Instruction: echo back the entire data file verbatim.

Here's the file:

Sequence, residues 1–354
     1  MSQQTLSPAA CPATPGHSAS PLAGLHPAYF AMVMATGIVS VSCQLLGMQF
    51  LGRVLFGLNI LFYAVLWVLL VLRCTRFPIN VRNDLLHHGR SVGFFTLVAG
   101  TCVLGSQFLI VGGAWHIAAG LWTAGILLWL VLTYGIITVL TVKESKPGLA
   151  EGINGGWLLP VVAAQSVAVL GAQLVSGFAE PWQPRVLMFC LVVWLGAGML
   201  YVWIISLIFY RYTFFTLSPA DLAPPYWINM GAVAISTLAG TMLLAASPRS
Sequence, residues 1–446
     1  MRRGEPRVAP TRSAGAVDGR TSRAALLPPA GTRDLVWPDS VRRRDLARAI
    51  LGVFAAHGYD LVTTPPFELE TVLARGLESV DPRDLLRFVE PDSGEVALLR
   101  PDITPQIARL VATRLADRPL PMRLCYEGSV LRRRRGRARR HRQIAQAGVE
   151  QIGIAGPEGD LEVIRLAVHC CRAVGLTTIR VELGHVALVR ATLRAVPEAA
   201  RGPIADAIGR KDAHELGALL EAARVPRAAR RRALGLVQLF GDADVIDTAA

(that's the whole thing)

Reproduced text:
Sequence, residues 1–354
     1  MSQQTLSPAA CPATPGHSAS PLAGLHPAYF AMVMATGIVS VSCQLLGMQF
    51  LGRVLFGLNI LFYAVLWVLL VLRCTRFPIN VRNDLLHHGR SVGFFTLVAG
   101  TCVLGSQFLI VGGAWHIAAG LWTAGILLWL VLTYGIITVL TVKESKPGLA
   151  EGINGGWLLP VVAAQSVAVL GAQLVSGFAE PWQPRVLMFC LVVWLGAGML
   201  YVWIISLIFY RYTFFTLSPA DLAPPYWINM GAVAISTLAG TMLLAASPRS
Sequence, residues 1–446
     1  MRRGEPRVAP TRSAGAVDGR TSRAALLPPA GTRDLVWPDS VRRRDLARAI
    51  LGVFAAHGYD LVTTPPFELE TVLARGLESV DPRDLLRFVE PDSGEVALLR
   101  PDITPQIARL VATRLADRPL PMRLCYEGSV LRRRRGRARR HRQIAQAGVE
   151  QIGIAGPEGD LEVIRLAVHC CRAVGLTTIR VELGHVALVR ATLRAVPEAA
   201  RGPIADAIGR KDAHELGALL EAARVPRAAR RRALGLVQLF GDADVIDTAA